Although it wasn’t hit as hard as leisure and hospitality, the “other services” supersector also saw a 22 percent reduction in positions from February to April. That area has three subsectors:

Services are struggling (especially hairdressing and laundry)

Percent change in seasonally adjusted “other service” supersector employees from February to April 2020, by supersector and subsector

Employees (millions)
Industry Feb. Mar. Apr. 2 mo. % chg.
All other services 5.9 5.9 4.6 -22.0%
Personal and laundry services 1.5 1.5 0.7 -53.5
Repair and maintenance 1.4 1.4 1.2 -16.5
Membership associations and organizations 3.0 3.0 2.8 -8.5


None is doing particularly well, but by far the biggest unemployment disaster has played out in personal and laundry services, which includes hairdressing, dry cleaning, laundromats and a vast array of other service jobs such as pet care, dating services, photofinishing, parking-lot services and so forth. The struggles of hairstylists and cosmetologists during this crisis are well-documented, as these professions made up more than half the jobs in this supersector in 2019. And although laundry workers have been deemed essential in some states, many have seen business volume drop significantly — not only because customers have been avoiding unnecessary trips outside but also because homebound teleworkers aren’t dressing as nicely as they otherwise would. As a result, the number of employees working in that slice of the economy has fallen by 54 percent since February.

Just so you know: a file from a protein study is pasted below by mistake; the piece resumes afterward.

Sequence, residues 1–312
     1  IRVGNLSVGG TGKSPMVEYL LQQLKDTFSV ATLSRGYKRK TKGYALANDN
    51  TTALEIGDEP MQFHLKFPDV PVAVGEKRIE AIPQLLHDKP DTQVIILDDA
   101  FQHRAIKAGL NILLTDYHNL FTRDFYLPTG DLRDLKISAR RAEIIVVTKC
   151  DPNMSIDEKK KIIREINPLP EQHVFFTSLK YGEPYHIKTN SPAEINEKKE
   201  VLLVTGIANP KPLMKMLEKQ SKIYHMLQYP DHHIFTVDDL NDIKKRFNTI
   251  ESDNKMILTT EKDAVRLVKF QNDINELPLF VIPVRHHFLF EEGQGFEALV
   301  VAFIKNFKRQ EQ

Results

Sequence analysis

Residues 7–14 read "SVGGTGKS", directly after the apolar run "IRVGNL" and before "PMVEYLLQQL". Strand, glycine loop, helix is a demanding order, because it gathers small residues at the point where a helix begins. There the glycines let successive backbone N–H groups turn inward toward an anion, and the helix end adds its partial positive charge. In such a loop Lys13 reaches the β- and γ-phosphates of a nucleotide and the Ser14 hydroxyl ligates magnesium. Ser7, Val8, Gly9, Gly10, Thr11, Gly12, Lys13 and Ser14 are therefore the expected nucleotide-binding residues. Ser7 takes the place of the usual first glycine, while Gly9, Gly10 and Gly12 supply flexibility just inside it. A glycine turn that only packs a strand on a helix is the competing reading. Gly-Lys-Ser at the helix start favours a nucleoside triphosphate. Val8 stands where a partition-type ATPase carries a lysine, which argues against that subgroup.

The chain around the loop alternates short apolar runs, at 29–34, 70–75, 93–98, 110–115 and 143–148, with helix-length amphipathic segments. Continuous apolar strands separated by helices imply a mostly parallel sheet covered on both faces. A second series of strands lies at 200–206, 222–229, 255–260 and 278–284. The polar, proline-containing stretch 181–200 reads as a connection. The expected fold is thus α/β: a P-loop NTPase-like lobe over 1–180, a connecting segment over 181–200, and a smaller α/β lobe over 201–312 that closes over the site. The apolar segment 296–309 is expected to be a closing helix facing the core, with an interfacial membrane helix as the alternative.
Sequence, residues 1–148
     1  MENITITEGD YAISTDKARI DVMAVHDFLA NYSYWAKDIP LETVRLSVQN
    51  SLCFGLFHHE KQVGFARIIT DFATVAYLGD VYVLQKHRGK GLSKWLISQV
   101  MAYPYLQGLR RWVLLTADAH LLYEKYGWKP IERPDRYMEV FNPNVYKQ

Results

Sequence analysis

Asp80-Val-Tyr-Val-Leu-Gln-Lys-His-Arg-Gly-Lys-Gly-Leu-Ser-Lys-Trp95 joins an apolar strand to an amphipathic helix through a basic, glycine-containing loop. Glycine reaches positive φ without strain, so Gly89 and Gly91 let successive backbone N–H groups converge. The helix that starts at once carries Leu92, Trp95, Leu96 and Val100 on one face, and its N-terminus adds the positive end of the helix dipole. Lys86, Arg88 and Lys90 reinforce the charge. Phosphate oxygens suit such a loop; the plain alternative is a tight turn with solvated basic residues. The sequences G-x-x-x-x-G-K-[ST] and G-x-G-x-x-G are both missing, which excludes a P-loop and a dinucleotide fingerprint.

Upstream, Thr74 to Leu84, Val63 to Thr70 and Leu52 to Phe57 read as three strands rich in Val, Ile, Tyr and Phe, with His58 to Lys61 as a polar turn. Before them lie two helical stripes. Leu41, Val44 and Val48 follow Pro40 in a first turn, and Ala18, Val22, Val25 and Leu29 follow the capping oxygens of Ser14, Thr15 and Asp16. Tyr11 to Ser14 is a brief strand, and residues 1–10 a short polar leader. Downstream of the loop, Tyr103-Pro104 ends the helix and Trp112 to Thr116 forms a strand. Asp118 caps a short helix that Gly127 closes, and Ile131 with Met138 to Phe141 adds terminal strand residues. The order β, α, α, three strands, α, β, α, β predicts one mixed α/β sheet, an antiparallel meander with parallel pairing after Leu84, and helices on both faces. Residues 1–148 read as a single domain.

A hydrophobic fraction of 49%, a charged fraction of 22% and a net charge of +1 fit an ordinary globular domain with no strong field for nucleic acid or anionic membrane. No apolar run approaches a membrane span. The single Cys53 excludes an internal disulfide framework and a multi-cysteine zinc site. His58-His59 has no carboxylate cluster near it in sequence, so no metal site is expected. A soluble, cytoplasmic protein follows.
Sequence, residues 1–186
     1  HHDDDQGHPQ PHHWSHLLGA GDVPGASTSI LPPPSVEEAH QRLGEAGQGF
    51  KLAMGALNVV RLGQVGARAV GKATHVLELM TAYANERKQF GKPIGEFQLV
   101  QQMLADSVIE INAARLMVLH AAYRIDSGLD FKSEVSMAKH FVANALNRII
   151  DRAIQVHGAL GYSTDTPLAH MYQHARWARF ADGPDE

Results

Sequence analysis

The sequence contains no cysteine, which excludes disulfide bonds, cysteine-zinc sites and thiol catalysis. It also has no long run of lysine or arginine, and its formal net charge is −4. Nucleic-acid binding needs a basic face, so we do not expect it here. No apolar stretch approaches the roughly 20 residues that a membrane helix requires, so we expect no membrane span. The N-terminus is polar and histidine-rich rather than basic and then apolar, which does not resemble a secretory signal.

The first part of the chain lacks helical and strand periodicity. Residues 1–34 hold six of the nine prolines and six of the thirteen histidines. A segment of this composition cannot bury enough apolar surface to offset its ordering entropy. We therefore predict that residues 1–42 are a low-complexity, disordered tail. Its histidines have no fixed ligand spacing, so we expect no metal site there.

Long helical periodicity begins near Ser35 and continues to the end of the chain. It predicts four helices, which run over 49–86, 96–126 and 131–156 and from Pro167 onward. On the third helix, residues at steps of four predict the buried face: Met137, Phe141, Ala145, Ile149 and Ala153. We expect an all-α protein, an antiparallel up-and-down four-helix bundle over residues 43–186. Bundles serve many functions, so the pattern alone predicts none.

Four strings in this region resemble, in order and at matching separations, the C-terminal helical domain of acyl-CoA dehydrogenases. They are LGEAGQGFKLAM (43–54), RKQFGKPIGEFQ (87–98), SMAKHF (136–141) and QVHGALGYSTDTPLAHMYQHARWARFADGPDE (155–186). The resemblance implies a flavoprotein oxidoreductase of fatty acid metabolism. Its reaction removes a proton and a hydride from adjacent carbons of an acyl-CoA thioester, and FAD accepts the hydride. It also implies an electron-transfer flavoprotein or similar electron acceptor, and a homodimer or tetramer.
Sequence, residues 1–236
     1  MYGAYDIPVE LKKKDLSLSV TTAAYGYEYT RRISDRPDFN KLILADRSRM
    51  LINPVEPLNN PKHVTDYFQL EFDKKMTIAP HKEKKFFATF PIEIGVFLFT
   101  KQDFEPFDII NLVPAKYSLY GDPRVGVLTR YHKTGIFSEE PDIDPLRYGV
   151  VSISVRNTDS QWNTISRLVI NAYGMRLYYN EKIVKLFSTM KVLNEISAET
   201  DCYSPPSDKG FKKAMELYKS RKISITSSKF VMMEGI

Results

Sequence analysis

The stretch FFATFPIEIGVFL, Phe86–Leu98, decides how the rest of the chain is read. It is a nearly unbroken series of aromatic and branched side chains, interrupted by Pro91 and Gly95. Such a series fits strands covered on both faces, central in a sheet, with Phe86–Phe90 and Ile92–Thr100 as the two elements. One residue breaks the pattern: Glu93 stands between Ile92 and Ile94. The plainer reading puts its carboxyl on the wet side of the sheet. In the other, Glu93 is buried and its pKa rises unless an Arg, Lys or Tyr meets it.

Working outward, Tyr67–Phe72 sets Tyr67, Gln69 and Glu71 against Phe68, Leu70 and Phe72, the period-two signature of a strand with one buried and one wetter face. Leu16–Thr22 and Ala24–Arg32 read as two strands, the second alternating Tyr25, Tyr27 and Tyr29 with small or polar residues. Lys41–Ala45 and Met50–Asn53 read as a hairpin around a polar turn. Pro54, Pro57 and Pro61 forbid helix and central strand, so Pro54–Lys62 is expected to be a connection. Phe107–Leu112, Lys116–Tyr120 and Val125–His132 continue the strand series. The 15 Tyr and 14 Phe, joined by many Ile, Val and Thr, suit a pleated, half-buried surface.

For most other supersectors, jobs have dropped by somewhere between 8 and 13 percent since before the coronavirus crisis started, meaning almost every corner of the economy has been touched by the pandemic. The only areas experiencing more modest (though still significant) losses were in government — with workers at the federal level faring better than their state or local counterparts — and financial activities:

Financial and government jobs are weathering the storm

Percent change in seasonally adjusted financial activities and government supersector employees from February to April 2020, by supersector, sector and subsector

Employees (millions)
Industry Feb. Mar. Apr. 2 mo. % chg.
All financial activities 8.8 8.8 8.6 -3.0%
Finance and insurance 6.5 6.5 6.5 -0.5
Monetary authorities – central bank 0.0 0.0 0.0 +2.1
Credit intermediation and related activities 2.7 2.7 2.7 -1.0
Securities, commodities, investments, funds, trusts 1.0 1.0 1.0 -0.4
Insurance carriers and related activities 2.8 2.8 2.8 -0.2
Real estate and rental and leasing 2.4 2.4 2.1 -9.7
Real estate 1.8 1.7 1.6 -5.9
Rental and leasing services 0.6 0.6 0.5 -21.5
Lessors of nonfinancial intangible assets 0.0 0.0 0.0 -2.5
All government 22.7 22.7 21.7 -4.4
Federal government 2.9 2.9 2.9 +0.7
Federal, excluding U.S. Postal Service 2.3 2.3 2.3 +0.9
U.S. Postal Service 0.6 0.6 0.6 -0.2
State government 5.2 5.2 5.0 -4.3
State government education 2.5 2.4 2.3 -8.8
State government, excluding education 2.7 2.7 2.7 -0.3
Local government 14.7 14.7 13.9 -5.5
Local government education 8.0 8.0 7.6 -5.9
Local government, excluding education 6.6 6.6 6.3 -4.9


The central bank and federal government (excluding the U.S. Postal Service) had more jobs in April than in February, an absolute rarity in the current economic climate. But even among the supersectors weathering things best, certain areas have seen plenty of job losses: The real estate market is teetering on the edge of a rent crisis, as unemployed tenants struggle to make payments, and rental/leasing jobs are down more than 20 percent from a few months ago. Both state and local government education are also down more than the overall government average over the past few months.